During pregnancy, a great deal of energy is exerted in preparation for the physical arrival of a new baby. Between multiple prenatal appointments, purchasing baby supplies, and taking childbirth classes, there is a limitless list of things to do before the birth. However, amongst all the physical preparations, there is a key aspect of birth preparation that’s often overlooked: the emotional preparation. Emotions, whether negative or positive, have a profound impact on pregnancy, birth and parenthood and it is vitally important for expectant couples to explore their emotions before the birth of their baby. Human emotions are complex and the process of exploring them cannot be condensed into a quick-and-easy “how to” list. However, here are some tips to help facilitate beginning this process:
• Start some dialogues with your partner about how/when you each learned about pregnancy and birth as a child. Then follow-up with dialogue about how those early experiences may have shaped your current perceptions about birth in a positive or negative way.
• Consider exploring what fears you may have and discuss them with your partner, a trusted friend, or simply journal about them. Remember to think about fears pertaining to all aspects of birth: pregnancy, body-image, the birth process, adjusting to motherhood, changing relationships, etc. Certain fears may be at the forefront of a person’s mind, such as a fear of pain during labor, but other fears may be not as obvious. Open-ended sentences are a great tool to help uncover underlying fears, such as “A fear I have about becoming a mother is…”. Even if you have a fear that seems ridiculous, it is important to get it out in the open, as this is first step in overcoming one’s fears.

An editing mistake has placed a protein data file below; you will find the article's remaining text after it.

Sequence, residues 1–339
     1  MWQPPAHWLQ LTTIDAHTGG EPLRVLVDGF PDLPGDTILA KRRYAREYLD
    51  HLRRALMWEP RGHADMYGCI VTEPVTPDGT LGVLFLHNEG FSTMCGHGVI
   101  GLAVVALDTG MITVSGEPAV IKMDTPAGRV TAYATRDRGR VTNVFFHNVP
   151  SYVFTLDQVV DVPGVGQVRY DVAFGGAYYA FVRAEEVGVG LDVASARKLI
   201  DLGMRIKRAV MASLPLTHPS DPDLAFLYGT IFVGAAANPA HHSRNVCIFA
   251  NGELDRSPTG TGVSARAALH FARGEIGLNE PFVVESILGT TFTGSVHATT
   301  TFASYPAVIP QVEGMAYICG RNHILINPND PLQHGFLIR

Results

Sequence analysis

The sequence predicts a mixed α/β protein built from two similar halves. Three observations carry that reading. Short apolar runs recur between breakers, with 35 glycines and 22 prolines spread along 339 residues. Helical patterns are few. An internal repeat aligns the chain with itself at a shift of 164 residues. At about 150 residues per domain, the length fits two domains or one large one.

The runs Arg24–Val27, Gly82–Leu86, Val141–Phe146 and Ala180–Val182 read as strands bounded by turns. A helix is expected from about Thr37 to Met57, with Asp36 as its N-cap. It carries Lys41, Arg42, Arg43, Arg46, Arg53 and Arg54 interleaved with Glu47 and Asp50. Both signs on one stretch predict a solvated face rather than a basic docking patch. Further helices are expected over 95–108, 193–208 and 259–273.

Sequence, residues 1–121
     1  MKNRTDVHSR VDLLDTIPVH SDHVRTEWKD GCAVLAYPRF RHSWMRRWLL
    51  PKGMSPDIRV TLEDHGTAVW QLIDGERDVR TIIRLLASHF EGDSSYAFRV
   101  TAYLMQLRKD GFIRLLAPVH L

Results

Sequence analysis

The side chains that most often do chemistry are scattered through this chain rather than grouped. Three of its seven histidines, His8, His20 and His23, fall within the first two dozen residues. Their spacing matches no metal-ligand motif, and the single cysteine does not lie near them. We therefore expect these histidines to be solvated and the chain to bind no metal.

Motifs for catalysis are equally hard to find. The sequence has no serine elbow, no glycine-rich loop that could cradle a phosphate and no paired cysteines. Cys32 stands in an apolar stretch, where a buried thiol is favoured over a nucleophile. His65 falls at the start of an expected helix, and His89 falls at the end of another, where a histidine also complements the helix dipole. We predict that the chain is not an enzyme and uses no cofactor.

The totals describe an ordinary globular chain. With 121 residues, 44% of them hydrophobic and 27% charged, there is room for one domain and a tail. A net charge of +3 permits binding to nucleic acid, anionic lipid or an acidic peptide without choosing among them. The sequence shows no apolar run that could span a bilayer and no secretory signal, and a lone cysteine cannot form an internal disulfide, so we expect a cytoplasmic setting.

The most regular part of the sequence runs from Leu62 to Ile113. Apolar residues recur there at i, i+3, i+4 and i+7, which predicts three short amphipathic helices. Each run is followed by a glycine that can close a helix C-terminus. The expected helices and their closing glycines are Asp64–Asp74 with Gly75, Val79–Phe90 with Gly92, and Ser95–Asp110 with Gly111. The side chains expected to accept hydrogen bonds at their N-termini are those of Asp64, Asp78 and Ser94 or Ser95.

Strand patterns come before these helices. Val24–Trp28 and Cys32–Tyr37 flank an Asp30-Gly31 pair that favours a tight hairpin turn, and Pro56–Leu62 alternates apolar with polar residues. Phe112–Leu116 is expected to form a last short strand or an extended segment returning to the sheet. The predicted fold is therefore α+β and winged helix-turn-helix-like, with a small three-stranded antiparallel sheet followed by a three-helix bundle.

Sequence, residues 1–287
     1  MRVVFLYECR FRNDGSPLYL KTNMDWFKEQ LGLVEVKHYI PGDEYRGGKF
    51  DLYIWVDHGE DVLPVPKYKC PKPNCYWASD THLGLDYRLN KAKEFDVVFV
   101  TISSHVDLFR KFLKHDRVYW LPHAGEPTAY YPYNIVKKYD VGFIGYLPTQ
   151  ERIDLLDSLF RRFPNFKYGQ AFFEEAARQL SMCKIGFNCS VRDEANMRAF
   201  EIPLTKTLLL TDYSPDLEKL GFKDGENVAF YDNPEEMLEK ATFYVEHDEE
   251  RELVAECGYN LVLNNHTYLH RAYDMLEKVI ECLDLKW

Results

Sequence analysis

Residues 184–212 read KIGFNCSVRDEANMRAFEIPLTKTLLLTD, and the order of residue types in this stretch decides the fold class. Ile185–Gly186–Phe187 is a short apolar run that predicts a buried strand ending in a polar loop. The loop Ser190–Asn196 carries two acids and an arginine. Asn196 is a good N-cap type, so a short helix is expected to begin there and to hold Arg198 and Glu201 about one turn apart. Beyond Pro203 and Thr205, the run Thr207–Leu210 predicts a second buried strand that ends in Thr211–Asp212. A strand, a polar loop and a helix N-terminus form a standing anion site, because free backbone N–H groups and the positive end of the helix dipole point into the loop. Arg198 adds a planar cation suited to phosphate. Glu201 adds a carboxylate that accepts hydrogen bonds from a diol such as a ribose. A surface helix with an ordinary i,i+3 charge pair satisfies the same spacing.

• You may have heard the story of your own birth before, but now is a wonderful time to ask your mother more specific questions about your birth. Perhaps ask her what she was feeling emotionally before, during, and after your birth. And if you have a strained relationship with your mother, consider making strides toward mending, if it’s appropriate.
• If you’re not a first-time mother, make sure you’ve had adequate time to process the emotions from your previous birth experiences. This is especially important if you had a particularly traumatic birth, including women who’ve had previous c-sections and are now desiring a VBAC (Vaginal Birth After Cesarean).
• If you have ever been a victim of abuse of any kind, consider seeking professional counseling, if you haven’t done so previously. The emotional scars of abuse (especially sexual abuse) are deeply rooted and can interfere with the normal progression of labor and birth.
Birth, like every other rite-of-passage, is not a one-dimensional event. Rather, it is holistic, meaning that it affects the body, mind and spirit. Approaching one’s birth from this perspective makes for healthier births, happier mothers, babies and families!
by Expert Mommy, Sarah Baker